Away to the east of the splendours of Edinburgh, north of the Firth of Forth, runs a coastline full of interest, not least the name, the East Neuk of Fife (Neuk means corner).
A well-signposted coastal trail means you can walk right out to the corner in question, and on a recent weekend visit that was the highlight suggested by family members who live near Scotland’s capital.
It started at the harbour in Anstruther, dominated by a busy RNLI lifeboat station. The volunteers are supported by a community which has cared for shipwreck victims since Elizabethan times, when the crew of one of the few surviving ships of the Spanish Armada made landfall there.
It’s a town of parts, Easter and Wester Anstruther, and Cellardyke, which have enjoyed the prestigious status of being Royal Burghs since the 16th century, and stories from their history are well-explained in a series of roadside boards.
A smaller community, Kilrenny, slightly inland, was included in the list of Burghs by accident in 1592 and spent the next century trying to escape because of the cost of maintaining privileges such as a more expensive local government.
Head east from Anstruther’s harbours and a street lined with old cottages brings you to Cellardyke, whose harbour still has lines to hang nets, although they’re more used by locals for drying the washing these days.
The harbour was once as busy as the neighbouring Anstruther but couldn’t cope with the huge fleets of the herring trade, and is now much less used.
Cellardyke also has a large tidal swimming pool, created naturally by the geology of a reef just offshore but enhanced with some concrete walls.
Once out of the towns, the shoreline walking is mostly level but often very uneven, and supportive footwear is a must.
Along the way you’ll find regular posts displaying a reference number and a “What3Words” location, which are used by the Coastguard and lifeboat crews to help locate those who do twist an ankle or worse.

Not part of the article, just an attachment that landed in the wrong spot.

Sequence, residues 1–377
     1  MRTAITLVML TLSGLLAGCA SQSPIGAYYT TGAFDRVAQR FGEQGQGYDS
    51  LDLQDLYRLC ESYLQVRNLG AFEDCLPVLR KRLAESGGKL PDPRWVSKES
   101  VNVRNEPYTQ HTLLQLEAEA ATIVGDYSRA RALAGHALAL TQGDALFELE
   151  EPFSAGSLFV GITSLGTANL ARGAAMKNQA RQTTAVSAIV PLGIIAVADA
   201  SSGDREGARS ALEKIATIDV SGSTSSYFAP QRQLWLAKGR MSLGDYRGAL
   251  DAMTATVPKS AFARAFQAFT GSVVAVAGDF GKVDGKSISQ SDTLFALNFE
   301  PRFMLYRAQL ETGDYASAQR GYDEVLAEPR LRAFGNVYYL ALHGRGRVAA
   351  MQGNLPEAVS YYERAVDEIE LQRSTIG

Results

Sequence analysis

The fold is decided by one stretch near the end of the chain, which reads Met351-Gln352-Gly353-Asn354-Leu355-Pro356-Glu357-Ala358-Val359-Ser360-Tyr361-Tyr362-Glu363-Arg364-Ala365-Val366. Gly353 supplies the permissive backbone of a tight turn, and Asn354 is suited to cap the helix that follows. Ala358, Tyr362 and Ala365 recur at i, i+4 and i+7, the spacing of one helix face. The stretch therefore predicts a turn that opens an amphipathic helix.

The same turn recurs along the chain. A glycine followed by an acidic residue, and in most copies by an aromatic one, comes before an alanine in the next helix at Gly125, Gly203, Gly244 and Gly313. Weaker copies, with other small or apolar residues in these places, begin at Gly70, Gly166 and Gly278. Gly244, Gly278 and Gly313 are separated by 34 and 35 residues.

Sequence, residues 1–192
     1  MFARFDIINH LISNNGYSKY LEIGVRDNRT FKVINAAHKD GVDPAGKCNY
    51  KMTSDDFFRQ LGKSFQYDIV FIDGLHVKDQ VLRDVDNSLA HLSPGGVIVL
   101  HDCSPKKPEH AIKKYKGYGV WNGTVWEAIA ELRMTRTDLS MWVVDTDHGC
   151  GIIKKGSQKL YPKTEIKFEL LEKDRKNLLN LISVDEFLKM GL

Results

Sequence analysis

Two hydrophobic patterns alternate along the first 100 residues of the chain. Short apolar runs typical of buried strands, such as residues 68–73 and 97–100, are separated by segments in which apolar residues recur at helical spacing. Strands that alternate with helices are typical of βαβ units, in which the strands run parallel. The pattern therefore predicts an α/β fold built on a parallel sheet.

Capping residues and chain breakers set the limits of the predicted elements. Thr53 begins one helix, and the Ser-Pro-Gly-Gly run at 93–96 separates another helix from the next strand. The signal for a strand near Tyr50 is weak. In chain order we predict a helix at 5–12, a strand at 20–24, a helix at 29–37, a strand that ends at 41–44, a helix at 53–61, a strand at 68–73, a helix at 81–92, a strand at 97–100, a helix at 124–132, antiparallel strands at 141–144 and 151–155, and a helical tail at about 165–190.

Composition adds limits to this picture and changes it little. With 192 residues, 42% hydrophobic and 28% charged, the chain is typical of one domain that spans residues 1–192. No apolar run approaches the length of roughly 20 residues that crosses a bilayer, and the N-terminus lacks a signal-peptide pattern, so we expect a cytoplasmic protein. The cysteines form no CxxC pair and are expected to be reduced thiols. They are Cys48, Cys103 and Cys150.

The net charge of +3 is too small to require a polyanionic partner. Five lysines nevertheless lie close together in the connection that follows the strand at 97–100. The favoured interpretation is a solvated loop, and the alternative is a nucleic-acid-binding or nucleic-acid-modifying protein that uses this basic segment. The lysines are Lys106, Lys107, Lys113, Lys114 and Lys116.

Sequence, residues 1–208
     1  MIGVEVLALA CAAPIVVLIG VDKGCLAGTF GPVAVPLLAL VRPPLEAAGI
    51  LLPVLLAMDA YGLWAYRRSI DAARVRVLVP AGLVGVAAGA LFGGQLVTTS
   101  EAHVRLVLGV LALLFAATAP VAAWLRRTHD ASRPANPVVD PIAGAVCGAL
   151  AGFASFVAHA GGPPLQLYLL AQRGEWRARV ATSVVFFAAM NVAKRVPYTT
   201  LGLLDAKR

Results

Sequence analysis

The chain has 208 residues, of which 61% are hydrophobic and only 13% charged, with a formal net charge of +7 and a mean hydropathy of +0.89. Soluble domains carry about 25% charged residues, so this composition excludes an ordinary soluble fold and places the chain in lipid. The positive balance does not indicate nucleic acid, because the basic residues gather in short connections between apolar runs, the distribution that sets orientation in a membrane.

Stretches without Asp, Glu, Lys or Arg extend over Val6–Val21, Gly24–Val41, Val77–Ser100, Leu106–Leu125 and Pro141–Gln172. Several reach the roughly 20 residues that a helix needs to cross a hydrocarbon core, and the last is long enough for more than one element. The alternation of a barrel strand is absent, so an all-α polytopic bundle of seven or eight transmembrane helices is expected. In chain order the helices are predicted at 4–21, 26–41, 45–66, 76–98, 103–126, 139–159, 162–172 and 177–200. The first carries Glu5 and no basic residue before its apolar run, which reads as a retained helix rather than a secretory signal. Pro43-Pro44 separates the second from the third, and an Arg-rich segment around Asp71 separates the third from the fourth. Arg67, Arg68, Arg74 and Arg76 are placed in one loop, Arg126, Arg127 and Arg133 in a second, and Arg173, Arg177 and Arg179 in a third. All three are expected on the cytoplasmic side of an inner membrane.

It means anyone calling for help can find the nearest post and then easily tell the emergency services how far along the miles of coastline they are, even if they’ve never walked it before.
The trail is well-maintained by the Fife Coast and Countryside Trust, with a light touch and bright ideas like these posts.
Another is the way fish boxes, washed up along the beach, are used by the public for collecting litter like cans and bottles, and the flotsam and jetsam of the fishing industry, making the task of trust staff and volunteer litter-pickers much easier. Maybe as a result the path was almost devoid of litter – result!
To your left are mostly low cliffs, until you reach the Caiplie Caves, a striking sandstone formation once used as a shelter and place for prayer by pilgrims heading for St Andrews, and now a useful shelter in bad weather, almost whichever way the wind is blowing.
Out to sea is a view across to the far side of the Firth of Forth, and the Isle of May, the site of one of Scotland’s earliest churches and now a national nature reserve.
A few miles on the harbour town of Crail makes a perfect lunch stop, with the local fishing catch of crabs and lobsters available by the harbour.
But as you walk into the town look out for this on your left, above the harbour. Its colleague is to your right, less visible, down the slope: The pair are leading lights, helping guide boats returning in the dark along the safe route between the rocks into harbour.
The final couple of miles out to the Neuk itself starts with a long stretch through a caravan park, before you reach open country again.
Enthusiasts for military history may be alerted by the concrete pillboxes peeping over the top of the low cliffs every now and then, that just out of sight is a huge, but now disused, naval airfield.
Known variously while in service as HMS Bruce, HMS Jackdaw, RAF Crail and RNAS Crail, it boasts some of the best preserved Second World War military buildings in Britain. You may catch glimpses of the control tower and hangars, and the runways are still there, too.
To your right, the Firth of Forth is changing into open sea as you reach the point, and on the land side this is marked by a low-built lighthouse, a radio mast, and other buildings.
But it is also a nature reserve, noted for a big variety of seabirds, and our walk back, once we were back on a wilder part of the coast, was entertained by the purring coo of eider ducks. It was a long walk – close on 14 miles out and back to Anstruther – but well worth the effort.